Tips to protect against the coronavirus
By Dr. James Robb, MD FCAP
  I was a professor of pathology at the University of California San Diego, I was one of the first molecular virologists in the world to work on coronaviruses (the 1970s). I was the first to demonstrate the number of genes the virus contained. Since then, I have kept up with the coronavirus field and its multiple clinical transfers into the human population (e.g., SARS, MERS), from different animal sources.
  The current projections for its expansion in the US are only probable, due to continued insufficient worldwide data, but it is most likely to be widespread in the US by mid to late March and April.
  Here is what I have done and the precautions that I take and will take. These are the same precautions I currently use during our influenza seasons, except for the mask and gloves.
1) NO HANDSHAKING! Use a fist bump, slight bow, elbow bump, etc.
2) Use ONLY your knuckle to touch light switches. elevator buttons, etc.. Lift the gasoline dispenser with a paper towel or use a disposable glove.
3) Open doors with your closed fist or hip - do not grasp the handle with your hand, unless there is no other way to open the door. Especially important on bathroom and post office/commercial doors.
4) Use disinfectant wipes at the stores when they are available, including wiping the handle and child seat in grocery carts.
5) Wash your hands with soap for 10-20 seconds and/or use a greater than 60% alcohol-based hand sanitizer whenever you return home from ANY activity that involves locations where other people have been.
6) Keep a bottle of sanitizer available at each of your home's entrances. AND in your car for use after getting gas or touching other contaminated objects when you can't immediately wash your hands.
7) If possible, cough or sneeze into a disposable tissue and discard. Use your elbow only if you have to. The clothing on your elbow will contain infectious virus that can be passed on for up to a week or more!
  What I have stocked in preparation for the pandemic spread to the US:
1) Latex or nitrile latex disposable gloves for use when going shopping, using the gasoline pump, and all other outside activity when you come in contact with contaminated areas.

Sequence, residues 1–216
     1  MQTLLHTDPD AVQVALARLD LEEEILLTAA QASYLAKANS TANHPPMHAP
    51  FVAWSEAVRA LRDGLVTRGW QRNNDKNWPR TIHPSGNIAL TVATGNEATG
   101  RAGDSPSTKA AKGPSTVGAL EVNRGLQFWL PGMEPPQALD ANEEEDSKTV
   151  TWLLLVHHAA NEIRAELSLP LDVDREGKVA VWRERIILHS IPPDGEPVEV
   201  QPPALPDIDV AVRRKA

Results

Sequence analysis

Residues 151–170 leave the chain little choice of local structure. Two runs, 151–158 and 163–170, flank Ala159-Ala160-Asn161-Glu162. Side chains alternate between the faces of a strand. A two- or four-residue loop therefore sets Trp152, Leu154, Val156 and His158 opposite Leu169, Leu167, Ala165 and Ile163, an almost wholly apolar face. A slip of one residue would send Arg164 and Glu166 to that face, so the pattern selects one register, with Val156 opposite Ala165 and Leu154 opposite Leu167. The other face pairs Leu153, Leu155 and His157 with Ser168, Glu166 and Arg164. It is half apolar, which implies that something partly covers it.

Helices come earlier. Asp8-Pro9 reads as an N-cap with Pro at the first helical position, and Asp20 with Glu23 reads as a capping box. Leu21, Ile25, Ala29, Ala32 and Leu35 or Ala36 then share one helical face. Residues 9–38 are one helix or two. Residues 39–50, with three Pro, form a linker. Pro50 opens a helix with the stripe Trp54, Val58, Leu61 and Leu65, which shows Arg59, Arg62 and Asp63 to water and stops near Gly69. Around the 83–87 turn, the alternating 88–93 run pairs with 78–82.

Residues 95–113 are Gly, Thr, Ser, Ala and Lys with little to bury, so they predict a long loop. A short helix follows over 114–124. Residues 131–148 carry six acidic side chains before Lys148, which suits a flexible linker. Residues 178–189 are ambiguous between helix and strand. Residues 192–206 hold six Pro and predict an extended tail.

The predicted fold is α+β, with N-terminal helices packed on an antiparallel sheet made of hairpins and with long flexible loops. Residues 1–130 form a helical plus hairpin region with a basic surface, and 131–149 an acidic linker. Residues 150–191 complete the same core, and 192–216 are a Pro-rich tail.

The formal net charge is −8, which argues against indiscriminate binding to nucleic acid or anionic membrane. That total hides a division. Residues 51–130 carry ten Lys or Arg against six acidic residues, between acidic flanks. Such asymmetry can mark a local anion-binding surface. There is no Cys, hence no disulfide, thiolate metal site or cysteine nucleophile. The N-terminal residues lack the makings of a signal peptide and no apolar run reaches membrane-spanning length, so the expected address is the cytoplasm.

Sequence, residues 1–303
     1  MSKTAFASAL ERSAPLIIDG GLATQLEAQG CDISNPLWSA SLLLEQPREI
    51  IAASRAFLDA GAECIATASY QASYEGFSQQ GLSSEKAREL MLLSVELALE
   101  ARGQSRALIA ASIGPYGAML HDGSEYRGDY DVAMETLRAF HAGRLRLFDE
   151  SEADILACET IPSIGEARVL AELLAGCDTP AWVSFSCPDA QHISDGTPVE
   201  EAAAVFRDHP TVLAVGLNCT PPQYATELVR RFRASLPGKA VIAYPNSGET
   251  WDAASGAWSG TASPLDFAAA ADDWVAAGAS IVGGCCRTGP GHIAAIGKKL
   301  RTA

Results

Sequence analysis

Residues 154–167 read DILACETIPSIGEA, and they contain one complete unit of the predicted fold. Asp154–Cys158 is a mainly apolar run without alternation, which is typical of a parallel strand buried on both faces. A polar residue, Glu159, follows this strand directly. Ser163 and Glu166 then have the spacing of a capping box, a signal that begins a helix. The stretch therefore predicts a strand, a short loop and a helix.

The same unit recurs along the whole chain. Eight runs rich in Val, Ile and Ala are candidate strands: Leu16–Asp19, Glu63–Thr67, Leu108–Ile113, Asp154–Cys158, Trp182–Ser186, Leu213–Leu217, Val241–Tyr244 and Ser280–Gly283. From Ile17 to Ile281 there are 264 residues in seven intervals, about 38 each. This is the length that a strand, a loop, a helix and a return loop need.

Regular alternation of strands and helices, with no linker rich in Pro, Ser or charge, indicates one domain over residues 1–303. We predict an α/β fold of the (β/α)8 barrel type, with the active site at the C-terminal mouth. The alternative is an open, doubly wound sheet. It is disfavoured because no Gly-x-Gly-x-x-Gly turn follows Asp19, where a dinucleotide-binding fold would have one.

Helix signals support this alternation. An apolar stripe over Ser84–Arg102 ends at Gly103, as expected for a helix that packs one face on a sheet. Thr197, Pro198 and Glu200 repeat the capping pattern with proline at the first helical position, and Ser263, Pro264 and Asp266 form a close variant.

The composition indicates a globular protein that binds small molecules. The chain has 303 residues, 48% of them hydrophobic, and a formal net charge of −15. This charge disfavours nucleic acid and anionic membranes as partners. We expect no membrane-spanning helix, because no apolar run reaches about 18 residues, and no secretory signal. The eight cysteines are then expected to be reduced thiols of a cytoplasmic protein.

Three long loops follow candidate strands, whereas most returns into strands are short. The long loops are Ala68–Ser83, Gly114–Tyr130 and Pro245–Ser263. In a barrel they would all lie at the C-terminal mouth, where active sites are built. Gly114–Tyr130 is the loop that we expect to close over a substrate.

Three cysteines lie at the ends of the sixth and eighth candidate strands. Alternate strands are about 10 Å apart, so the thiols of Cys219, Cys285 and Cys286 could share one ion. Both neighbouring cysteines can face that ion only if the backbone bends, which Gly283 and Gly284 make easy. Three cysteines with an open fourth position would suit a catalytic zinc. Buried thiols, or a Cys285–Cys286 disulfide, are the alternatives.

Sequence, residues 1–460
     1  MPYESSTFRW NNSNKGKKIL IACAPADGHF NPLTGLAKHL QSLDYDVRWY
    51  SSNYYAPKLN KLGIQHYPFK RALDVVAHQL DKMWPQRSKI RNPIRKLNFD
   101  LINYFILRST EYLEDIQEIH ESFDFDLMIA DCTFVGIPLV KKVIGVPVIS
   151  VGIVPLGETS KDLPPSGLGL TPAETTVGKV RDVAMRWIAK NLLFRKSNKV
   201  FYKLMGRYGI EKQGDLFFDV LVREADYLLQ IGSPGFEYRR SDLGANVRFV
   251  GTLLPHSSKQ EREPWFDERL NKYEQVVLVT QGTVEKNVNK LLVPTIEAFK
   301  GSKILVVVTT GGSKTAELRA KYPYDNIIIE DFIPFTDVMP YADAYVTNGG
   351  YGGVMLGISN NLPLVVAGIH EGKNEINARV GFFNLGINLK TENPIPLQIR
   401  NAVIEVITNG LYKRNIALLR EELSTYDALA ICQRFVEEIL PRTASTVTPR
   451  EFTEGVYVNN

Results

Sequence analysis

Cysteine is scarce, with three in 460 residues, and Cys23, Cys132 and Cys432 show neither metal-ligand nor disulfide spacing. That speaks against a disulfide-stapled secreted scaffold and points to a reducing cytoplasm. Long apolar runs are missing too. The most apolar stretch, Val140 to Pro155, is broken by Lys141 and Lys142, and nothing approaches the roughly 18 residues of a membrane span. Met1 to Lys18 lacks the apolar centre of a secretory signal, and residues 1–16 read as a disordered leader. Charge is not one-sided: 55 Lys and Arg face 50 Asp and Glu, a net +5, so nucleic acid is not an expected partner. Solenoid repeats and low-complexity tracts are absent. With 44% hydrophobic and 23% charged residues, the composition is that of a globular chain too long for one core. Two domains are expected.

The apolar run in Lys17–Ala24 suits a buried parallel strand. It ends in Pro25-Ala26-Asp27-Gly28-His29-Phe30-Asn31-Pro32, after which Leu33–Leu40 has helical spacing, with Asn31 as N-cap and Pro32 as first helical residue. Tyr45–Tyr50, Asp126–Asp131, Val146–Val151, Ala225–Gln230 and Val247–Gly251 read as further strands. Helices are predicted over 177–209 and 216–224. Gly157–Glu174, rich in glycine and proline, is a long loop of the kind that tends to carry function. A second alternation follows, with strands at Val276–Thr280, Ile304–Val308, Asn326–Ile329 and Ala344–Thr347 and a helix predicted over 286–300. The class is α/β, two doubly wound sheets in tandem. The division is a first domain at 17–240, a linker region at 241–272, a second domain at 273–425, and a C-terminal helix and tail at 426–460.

Note: This virus is spread in large droplets by coughing and sneezing. This means that the air will not infect you! BUT all the surfaces where these droplets land are infectious for about a week on average - everything that is associated with infected people will be contaminated and potentially infectious. The virus is on surfaces and you will not be infected unless your unprotected face is directly coughed or sneezed upon.
  This virus only has cell receptors for lung cells (it only infects your lungs) The only way for the virus to infect you is through your nose or mouth via your hands or an infected cough or sneeze onto or into your nose or mouth.
2) Stock up now with disposable surgical masks and use them to prevent you from touching your nose and/or mouth (We touch our nose/mouth 90X/day without knowing it!). This is the only way this virus can infect you - it is lung-specific. The mask will not prevent the virus in a direct sneeze from getting into your nose or mouth - it is only to keep you from touching your nose or mouth.
3) Stock up now with hand sanitizers and latex/nitrile gloves (get the appropriate sizes for your family). The hand sanitizers must be alcohol-based and greater than 60% alcohol to be effective.
4) Stock up now with zinc lozenges. These lozenges have been proven to be effective in blocking coronavirus (and most other viruses) from multiplying in your throat and nasopharynx. Use as directed several times each day when you begin to feel ANY "cold-like" symptoms beginning. It is best to lie down and let the lozenge dissolve in the back of your throat and nasopharynx. Cold-Eeze lozenges is one brand available, but there are other brands available.
  I, as many others do, hope that this pandemic will be reasonably contained, BUT I personally do not think it will be. Humans have never seen this (edited: animal)-associated virus before and have no internal defense against it.
 Tremendous worldwide efforts are being made to understand the molecular and clinical virology of this virus. Unbelievable molecular knowledge about the genomics, structure, and virulence of this virus has already been achieved. BUT, there will be NO drugs or vaccines available this year to protect us or limit the infection within us. Only symptomatic support is available.